Going public can feel really scary. Partly because it feels definite, a sort of uneraseable. Therefore I do understand some people express anxiety over for instance blogging. Their thoughts are brought into the light, exposing them to the critical eye of the global public.

I think the fears are fully natural and explainable, because everyone was once a beginner, within every single field we ever tried exploring. The first steps are perhaps the most scary ones, perhaps most often the largest obstacle on the journey. Then we start performing some actions, either guided by teachers, literature, or just by pure trial-and-error. Some fields eventually become a hobby, profession, occupation, a part of one’s identity.

So maybe it is not surprising people can sense fear before different forms of online participation and going public. Everyone must have this feeling of being fragile while exposing a piece of work, at some point in the beginning. I think this comes from creating an illusion of billions of critical eyes of the global public scrutinizing one’s work or creations. As beginners people tend to perceive their work or actions might be judged because they are – beginners, and not professionals. The second part of the explanation why one might feel anxiety is rooted in some kind of instinct to guard the inner layers of our identity. I think it might be as natural as protecting our existence, only here we are protecting our innermost thoughts and identity.

I believe the only way of overriding one’s fear is actually exposing oneself to it. I am drawing this conclusion from own experience, which I’d like to share here:

In my early career working as a meteorologist, I had to do radio interviews and reports, appearances on television, different events, and customer briefings. I will never forget the feeling minutes before my first appearances. It is scary, it even provides physical evidence of one’s fear including all symtoms of stress. But just after the first achievement it becomes much easier. The next phase is when one deepens the feeling of comfort when participating. Eventually, it becomes as natural as talking to a colleague or a friend, one relaxes and perhaps even uses a personal tone I one’s voice and, when suitable, formulates presentations in a personal way in order to capture the interest of the audience.

Blogging is just like that. It incapsulates the same kind of performance, experience, and emotions. I think that blogging possesses all the elements of a conventional presentation and media participation. In addition, I believe that neither the tone or the content necessarily has to become private at all. It can be personal without being private at all. So, by simply starting writing a first post, the biggest obstacle is already removed, concurring one’s worst fears of going public.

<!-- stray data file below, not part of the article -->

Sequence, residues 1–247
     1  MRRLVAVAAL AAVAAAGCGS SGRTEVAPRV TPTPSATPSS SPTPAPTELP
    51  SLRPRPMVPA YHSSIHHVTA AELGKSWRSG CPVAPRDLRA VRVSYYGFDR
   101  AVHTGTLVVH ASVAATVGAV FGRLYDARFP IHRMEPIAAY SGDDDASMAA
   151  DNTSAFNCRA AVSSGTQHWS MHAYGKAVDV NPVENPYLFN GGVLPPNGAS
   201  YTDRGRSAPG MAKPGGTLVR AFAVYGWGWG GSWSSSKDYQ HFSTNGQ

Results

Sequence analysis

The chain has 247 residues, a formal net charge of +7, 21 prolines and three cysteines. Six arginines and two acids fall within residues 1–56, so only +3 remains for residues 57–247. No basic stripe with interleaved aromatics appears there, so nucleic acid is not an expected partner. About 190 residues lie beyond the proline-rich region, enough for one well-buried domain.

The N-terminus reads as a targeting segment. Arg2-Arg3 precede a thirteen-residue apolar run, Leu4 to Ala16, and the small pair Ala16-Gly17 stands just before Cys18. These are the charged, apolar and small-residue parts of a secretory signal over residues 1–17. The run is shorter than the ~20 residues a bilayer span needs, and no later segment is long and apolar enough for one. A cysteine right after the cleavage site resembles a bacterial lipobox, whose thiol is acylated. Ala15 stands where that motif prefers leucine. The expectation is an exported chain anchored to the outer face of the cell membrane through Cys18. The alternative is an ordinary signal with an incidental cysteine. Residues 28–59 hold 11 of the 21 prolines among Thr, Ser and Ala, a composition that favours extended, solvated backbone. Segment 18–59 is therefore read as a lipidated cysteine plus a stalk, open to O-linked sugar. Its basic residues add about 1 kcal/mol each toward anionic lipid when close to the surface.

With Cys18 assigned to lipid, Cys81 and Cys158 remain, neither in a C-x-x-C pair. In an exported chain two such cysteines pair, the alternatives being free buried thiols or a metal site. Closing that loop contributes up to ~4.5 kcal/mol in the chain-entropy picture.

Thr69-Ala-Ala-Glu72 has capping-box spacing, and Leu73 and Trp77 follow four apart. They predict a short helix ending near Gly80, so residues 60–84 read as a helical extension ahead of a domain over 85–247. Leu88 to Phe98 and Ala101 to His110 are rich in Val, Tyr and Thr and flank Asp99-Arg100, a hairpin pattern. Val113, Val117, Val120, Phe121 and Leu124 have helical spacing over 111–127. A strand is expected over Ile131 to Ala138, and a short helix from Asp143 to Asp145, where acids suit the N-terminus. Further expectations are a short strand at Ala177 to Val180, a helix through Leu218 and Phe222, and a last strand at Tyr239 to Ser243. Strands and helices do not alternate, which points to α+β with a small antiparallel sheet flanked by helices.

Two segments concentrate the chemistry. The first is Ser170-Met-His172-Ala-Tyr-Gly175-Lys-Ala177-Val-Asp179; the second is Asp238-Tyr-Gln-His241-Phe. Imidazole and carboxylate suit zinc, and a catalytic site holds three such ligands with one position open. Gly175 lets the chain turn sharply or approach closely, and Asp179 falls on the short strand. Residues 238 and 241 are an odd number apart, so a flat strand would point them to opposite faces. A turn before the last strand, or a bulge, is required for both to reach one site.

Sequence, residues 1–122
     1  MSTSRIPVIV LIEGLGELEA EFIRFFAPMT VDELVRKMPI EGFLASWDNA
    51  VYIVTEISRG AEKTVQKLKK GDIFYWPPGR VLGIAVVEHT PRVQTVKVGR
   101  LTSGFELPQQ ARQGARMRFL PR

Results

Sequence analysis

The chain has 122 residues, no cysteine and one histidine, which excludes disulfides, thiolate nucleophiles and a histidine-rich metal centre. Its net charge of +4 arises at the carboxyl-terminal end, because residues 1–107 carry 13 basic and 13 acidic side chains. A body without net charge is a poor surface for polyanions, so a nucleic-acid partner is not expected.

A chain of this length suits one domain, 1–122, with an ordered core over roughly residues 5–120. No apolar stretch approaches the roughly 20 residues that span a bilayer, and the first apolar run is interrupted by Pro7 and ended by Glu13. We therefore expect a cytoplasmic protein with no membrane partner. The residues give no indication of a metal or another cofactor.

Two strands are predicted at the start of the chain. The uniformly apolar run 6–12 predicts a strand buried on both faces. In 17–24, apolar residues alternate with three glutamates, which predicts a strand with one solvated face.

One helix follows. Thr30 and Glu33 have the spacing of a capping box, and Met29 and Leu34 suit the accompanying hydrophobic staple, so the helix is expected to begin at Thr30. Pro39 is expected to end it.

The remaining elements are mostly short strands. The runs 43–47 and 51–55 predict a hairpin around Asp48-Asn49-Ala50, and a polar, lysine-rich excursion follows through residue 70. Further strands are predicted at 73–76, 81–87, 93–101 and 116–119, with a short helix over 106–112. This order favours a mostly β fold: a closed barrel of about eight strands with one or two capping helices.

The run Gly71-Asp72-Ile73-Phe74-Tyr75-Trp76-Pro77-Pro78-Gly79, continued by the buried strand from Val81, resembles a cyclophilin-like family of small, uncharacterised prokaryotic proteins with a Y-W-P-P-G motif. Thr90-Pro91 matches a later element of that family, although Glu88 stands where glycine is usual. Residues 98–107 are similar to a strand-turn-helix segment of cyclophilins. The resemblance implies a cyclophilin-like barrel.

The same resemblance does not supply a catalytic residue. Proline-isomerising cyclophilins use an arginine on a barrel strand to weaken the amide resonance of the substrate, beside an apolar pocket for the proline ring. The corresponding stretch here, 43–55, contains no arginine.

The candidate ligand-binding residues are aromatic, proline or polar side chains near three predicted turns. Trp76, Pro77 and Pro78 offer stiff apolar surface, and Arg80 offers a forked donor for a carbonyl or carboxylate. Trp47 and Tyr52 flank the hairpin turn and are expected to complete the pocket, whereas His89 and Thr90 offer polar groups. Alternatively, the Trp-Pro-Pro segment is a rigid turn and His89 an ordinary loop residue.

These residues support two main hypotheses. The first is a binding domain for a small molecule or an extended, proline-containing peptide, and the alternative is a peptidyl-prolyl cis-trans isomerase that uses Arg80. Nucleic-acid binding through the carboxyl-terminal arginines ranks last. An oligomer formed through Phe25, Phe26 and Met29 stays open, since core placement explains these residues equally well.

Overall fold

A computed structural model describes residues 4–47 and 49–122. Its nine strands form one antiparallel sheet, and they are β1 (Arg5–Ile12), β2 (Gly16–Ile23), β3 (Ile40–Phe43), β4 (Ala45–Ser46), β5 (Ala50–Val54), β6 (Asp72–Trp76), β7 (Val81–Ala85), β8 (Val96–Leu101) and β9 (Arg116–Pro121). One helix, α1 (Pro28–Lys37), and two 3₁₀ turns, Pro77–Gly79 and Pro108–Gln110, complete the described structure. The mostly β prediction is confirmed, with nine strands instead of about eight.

There is another very important component when it comes to understanding the fears of getting online and publishing one’s blog posts and thoughts. Online participation in social media of a more social nature might meet additional obstacles. Here I believe identity comes into play.

Grown-ups who, just as my self, aren’t digital natives were not raised with social media as a tool for common socializing and communication. For us social media might represent a useful tool, but it did not interact and merge with our identity while we were growing up, forming the identities that define who we are. In contrast to my generation, digital natives have been using social media from early age. They have used technology for socializing in a completely different way, to quite large extent, and for a long period of time. Enough to integrate social media with personal identity and behavior. While I can appreciate turning down the technology, getting offline, and enjoying some other activity or artifact, digital natives probably feel that social media is as natural as speech it just doesn’t need to be turned off. It is not only fun and useful, it is a part of one’s life, physical body as well as inner identity.

This might explain the difference between different generations’ attitude towards social media, what and how one writes and publishes, and how one relates to social media and fears. Very young grown-ups who are also digital natives, have a strong sense of social media being integrated with their identity, therefore no fears or concerns are raised about sharing private thoughts. As a non-native one draws a line between being private and being personal, and most of the older generations would probably prefer holding on to presenting facts.

So, in my opinion, two factors are imperative: prior relationship to technology, and prior experience.

Because we cannot change who we are mixing with our identity, I guess we can just grab a keyboard and start writing in order to overcome our fears of exposing ourselves into the public.

Fears and anxiety over going online and the question of private vs professional